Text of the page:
How to Find Peace in the Midst of Your Storm
“Who then is this, that even the wind and the sea obey him?”
On March 18, 1990, two thieves disguised as police officers, broke into the Isabella Stewart Gardener Museum in Boston, Massachusetts, and pulled off the biggest art theft in history.
In a real life Thomas Crown Affair heist, the thieves brazenly removed thirteen priceless works of art from their frames.
They managed to make two trips to their car with the stolen loot, and then they vanished.
Among the stolen pieces was Rebrandt’s only seascape, “The Storm on the Sea of Galilee.”
Rembrandt’s masterpiece depicts the raging sea, a ship in danger of capsizing, and the panic of seasoned fishermen who believed they were about to die.
But how did they get there?
After an exhausting day of teaching, healing, and crowds pressing in on every side, Jesus and his disciples climbed into a boat to travel to the other side of the Sea of Galilee.
Jesus was emotionally and physically exhausted, and he fell asleep on a pillow in the stern of the ship.
A Great Windstorm Arose
The Sea of Galilee is a unique body of water because it sits below sea level and is surrounded by mountains. When the winds come down from the mountains, they create a whirlpool effect of violent and unpredictable water.
Even though many of Jesus’ disciples were fishermen by trade, who undoubtedly had weathered many storms, this one was different.
Their battered boat was quickly taking on water, and they were certain they were about to die.
In their panic, I can imagine them shaking Jesus’ shoulders to wake him up, as they cried out, “Teacher, do you not care that we are perishing?” (Mark 4:38).
They didn’t ask him to do anything about the storm, nor would they have thought to ask.
At this point in the gospel story, Jesus was only a teacher to them. Maybe they expected him to grab a bucket and start bailing.
But Jesus did the unthinkable.
A Great Rebuke & A Great Calm
He rebuked the wind and said to the sea, “Peace! Be still! And the wind ceased, and there was a great calm” (Mark 4:39).
We’ve probably all experienced wind that suddenly stops.
But can you imagine the water falling and settling into place instantaneously?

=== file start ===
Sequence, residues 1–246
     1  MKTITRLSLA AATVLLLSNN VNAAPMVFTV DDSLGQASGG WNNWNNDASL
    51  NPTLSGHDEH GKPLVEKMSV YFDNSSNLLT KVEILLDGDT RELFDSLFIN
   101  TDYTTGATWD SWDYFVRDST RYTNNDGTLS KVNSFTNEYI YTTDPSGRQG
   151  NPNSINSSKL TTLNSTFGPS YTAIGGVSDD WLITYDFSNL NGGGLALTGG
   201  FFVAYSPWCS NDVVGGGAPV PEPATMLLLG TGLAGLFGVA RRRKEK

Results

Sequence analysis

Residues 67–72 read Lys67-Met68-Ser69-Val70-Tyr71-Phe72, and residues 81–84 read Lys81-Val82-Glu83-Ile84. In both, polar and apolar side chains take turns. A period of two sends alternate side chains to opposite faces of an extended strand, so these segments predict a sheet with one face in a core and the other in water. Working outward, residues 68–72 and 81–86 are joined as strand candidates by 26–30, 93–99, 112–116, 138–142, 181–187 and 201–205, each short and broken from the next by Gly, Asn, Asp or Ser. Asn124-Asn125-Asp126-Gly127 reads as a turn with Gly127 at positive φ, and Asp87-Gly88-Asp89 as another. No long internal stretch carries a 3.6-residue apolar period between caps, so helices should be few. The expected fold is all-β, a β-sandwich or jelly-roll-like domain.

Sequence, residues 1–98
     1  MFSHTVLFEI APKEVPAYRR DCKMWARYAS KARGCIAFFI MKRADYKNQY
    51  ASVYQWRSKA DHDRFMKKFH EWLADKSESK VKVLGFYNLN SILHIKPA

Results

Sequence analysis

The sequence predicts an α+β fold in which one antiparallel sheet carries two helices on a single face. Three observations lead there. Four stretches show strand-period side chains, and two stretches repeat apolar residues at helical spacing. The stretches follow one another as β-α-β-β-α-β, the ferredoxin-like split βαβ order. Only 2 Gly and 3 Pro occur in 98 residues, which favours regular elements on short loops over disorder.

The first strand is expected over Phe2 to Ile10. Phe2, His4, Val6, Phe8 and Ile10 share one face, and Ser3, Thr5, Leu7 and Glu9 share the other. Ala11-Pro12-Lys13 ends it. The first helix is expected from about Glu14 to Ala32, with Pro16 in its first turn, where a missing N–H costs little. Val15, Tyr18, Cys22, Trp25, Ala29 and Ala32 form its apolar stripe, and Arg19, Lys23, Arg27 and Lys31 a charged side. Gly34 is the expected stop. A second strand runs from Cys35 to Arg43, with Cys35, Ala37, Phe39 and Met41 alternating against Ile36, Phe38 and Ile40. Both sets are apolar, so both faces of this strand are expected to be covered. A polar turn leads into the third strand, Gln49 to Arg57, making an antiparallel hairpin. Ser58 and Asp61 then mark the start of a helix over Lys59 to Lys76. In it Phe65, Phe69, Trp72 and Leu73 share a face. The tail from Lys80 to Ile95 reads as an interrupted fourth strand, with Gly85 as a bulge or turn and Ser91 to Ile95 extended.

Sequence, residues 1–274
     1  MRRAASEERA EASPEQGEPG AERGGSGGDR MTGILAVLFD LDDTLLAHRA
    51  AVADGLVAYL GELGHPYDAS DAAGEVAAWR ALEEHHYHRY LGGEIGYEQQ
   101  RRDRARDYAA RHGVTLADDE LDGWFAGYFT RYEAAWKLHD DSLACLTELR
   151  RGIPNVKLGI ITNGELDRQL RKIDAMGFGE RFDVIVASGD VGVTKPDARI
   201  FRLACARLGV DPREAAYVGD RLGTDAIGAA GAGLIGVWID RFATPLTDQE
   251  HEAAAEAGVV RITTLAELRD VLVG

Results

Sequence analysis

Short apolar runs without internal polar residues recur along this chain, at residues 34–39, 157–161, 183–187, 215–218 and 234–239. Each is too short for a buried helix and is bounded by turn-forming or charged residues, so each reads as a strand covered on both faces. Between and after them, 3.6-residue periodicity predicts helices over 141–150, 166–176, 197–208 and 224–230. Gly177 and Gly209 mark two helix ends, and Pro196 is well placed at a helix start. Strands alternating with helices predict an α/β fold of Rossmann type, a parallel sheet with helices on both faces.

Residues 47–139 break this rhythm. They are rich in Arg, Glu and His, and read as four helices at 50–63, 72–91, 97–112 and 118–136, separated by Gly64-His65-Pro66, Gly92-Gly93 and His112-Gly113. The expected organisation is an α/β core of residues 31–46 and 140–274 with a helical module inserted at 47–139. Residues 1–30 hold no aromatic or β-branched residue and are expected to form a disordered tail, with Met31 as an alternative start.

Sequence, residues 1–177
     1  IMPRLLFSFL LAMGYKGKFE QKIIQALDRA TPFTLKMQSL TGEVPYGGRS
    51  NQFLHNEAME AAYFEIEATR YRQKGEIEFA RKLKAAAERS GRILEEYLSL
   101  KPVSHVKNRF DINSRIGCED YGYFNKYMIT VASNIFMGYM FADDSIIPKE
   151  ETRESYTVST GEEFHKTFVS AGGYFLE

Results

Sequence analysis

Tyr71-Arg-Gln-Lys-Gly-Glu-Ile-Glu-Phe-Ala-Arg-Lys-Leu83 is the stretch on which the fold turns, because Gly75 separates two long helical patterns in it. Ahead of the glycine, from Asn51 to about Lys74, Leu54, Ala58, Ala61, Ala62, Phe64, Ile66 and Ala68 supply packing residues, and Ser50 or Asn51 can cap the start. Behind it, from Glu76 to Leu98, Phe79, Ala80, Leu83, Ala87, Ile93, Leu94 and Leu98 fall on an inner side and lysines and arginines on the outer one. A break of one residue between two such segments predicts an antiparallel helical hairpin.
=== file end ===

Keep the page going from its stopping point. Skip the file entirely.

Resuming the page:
Unlike the wave pool at the amusement park, that gradually increases and decreases the strength of the waves, this time the water didn’t just settle down, it completely and utterly stood still.
The crisis was over and now the gravity of what they had experienced began to sink in.
Even Greater Fear
Relief and then an even greater fear filled their hearts.
For in that moment, they realized that more terrifying than the storm outside their boat, was God himself inside their boat.
“And they were filled with great fear and said to one another, “Who then is this, that even the wind and the sea obey him?” Mark 4:41
The disciples weren’t yet sure who Jesus was, but a few chapters later, Peter got it.
Jesus asked him “Who do people say that I am?” Peter answered him, “You are the Christ” (Mark 8:29).
An Awe-some & Fear-some Reality
We love that the Lord can calm storms with a word, and we stand in awe at his power over creation.
But how can you rightly see God at work in the storms of your life, even if the waters are lapping over into your boat?
The questions Jesus asked his disciples apply to us too.
- Why are you afraid?
- Have you still no faith?
I think Rembrandt must’ve known something of the peace that comes to those who ride out life’s storms with God in their boat.
Look a little closer at his painting.
There’s an extra character among the twelve disciples in the scene that bears a striking resemblance to the artist himself.
Rembrandt pictured himself in the midst of the uncertainty of that stormy sea.
He had the advantage of knowing how this story would resolve. He looks at us as if to say, “Hold onto your hat. You’re going to like how this one ends.”
Friend, you may not know how long your storm will last, or what the result will be, but you can trust that the one who can command the wind and waves to “Be still,” is greater than whatever you are facing.
No matter how fearsome the storm, with God in your boat, you have nothing to fear.
P.S. To this day, the art that was stolen from the museum remains missing. However, the museum reminds patrons of their absence with their empty picture frames that still hang in their original places.
P.P.S. If you’re curious about holy leisure, I invite you to check out this free download From Quiet Time to Holy Leisure Time. It’s designed to help you reframe this most important part of your day — time with the Lord.